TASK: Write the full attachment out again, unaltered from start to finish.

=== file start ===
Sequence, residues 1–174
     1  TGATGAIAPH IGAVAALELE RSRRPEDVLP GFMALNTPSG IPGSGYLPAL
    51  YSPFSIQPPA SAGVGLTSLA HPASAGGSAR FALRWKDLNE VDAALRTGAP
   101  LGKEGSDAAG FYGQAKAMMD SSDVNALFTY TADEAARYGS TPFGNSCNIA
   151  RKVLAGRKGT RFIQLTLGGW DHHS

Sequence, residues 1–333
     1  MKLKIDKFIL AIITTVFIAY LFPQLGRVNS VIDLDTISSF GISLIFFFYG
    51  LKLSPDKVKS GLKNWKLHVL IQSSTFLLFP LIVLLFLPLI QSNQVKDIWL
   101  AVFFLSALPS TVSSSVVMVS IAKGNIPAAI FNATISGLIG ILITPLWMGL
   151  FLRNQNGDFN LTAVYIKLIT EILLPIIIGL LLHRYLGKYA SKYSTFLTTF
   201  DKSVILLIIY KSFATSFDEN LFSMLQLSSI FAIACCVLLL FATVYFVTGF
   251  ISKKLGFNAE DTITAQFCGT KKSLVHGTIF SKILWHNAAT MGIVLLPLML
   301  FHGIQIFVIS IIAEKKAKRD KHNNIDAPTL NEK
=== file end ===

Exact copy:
Sequence, residues 1–174
     1  TGATGAIAPH IGAVAALELE RSRRPEDVLP GFMALNTPSG IPGSGYLPAL
    51  YSPFSIQPPA SAGVGLTSLA HPASAGGSAR FALRWKDLNE VDAALRTGAP
   101  LGKEGSDAAG FYGQAKAMMD SSDVNALFTY TADEAARYGS TPFGNSCNIA
   151  RKVLAGRKGT RFIQLTLGGW DHHS

Sequence, residues 1–333
     1  MKLKIDKFIL AIITTVFIAY LFPQLGRVNS VIDLDTISSF GISLIFFFYG
    51  LKLSPDKVKS GLKNWKLHVL IQSSTFLLFP LIVLLFLPLI QSNQVKDIWL
   101  AVFFLSALPS TVSSSVVMVS IAKGNIPAAI FNATISGLIG ILITPLWMGL
   151  FLRNQNGDFN LTAVYIKLIT EILLPIIIGL LLHRYLGKYA SKYSTFLTTF
   201  DKSVILLIIY KSFATSFDEN LFSMLQLSSI FAIACCVLLL FATVYFVTGF
   251  ISKKLGFNAE DTITAQFCGT KKSLVHGTIF SKILWHNAAT MGIVLLPLML
   301  FHGIQIFVIS IIAEKKAKRD KHNNIDAPTL NEK